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Rethinking Terror Lists


Rethinking Terror Lists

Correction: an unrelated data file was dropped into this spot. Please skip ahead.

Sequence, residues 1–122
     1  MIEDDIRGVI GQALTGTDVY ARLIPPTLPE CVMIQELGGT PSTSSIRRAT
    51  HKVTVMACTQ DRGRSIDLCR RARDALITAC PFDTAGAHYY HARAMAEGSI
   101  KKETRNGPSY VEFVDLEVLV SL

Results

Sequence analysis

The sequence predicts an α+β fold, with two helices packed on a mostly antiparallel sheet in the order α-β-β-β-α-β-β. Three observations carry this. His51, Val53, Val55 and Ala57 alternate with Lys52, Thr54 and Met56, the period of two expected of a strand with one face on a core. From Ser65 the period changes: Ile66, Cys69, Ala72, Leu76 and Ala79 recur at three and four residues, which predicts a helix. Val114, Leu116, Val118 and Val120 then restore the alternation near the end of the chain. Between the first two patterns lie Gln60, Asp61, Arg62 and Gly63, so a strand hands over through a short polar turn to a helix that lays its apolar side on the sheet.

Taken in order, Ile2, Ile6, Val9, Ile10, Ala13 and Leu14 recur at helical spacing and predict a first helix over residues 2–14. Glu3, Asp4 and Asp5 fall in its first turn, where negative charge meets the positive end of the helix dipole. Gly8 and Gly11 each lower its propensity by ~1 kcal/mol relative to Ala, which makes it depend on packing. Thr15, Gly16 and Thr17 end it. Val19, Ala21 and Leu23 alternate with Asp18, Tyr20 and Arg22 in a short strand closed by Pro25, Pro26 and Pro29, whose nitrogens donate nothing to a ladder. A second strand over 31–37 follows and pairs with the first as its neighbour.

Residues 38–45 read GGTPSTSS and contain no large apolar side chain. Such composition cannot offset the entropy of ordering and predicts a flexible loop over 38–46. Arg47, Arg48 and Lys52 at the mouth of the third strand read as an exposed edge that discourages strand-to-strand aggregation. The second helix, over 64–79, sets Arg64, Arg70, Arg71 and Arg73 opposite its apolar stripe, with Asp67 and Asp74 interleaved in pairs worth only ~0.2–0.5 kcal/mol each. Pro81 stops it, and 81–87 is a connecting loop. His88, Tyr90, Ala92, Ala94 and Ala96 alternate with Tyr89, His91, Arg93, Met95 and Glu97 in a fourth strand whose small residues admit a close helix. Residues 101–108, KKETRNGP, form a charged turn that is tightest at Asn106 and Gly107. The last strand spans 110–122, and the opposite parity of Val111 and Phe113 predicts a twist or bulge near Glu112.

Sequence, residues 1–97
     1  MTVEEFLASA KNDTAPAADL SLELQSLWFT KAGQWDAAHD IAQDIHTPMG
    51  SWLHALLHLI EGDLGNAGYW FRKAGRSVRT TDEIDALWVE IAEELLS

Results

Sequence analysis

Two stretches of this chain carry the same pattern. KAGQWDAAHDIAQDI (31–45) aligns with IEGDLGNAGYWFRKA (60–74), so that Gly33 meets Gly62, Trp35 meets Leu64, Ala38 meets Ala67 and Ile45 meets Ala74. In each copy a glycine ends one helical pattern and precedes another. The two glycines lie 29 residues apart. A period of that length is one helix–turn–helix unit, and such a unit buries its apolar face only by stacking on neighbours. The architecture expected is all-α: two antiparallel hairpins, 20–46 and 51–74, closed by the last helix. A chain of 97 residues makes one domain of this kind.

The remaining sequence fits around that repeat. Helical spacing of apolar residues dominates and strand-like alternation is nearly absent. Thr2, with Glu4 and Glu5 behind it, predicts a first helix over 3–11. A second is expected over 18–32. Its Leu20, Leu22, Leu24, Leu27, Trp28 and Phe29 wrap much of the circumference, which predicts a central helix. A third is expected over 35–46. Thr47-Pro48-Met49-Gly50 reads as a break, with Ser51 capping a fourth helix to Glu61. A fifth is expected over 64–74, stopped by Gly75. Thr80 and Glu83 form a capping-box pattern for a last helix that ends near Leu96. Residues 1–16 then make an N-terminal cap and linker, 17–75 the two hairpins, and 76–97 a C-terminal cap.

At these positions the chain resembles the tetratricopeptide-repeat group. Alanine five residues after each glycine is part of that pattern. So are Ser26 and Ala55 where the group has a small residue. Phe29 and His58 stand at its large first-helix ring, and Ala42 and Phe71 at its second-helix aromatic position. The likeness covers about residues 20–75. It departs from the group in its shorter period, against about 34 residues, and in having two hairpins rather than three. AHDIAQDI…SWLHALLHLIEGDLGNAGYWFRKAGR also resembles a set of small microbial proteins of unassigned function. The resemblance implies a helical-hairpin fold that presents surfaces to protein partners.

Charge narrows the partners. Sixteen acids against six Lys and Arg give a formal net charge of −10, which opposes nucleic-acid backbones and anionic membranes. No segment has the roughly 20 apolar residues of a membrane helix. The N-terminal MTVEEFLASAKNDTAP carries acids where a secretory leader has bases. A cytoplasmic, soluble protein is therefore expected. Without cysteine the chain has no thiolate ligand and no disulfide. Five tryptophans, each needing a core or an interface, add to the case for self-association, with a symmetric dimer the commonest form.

Terror lists are very much in vogue. Long the province of the U.S. State Department, which annually releases its Country Reports on Terrorism, the business of indexing terror organizations and “sponsor” states has diversified, with assorted think tanks and for-profit firms releasing their own, sometimes politically-colored rosters ( Now the U.S. Securities and Exchange Commission (SEC) adds its brush to this canvas, crafting a blacklist of companies that report dealings with “state sponsors” of terrorism in their annual filings to the commission. SEC Chairman Christopher Cox says the project aims to protect investors from “indirectly subsidizing a terrorist state” (AP). But the list prompts outrage from companies and stirs debate more generally on the wisdom of releasing terror lists, given the potentially radioactive diplomatic consequences they tend to provoke.


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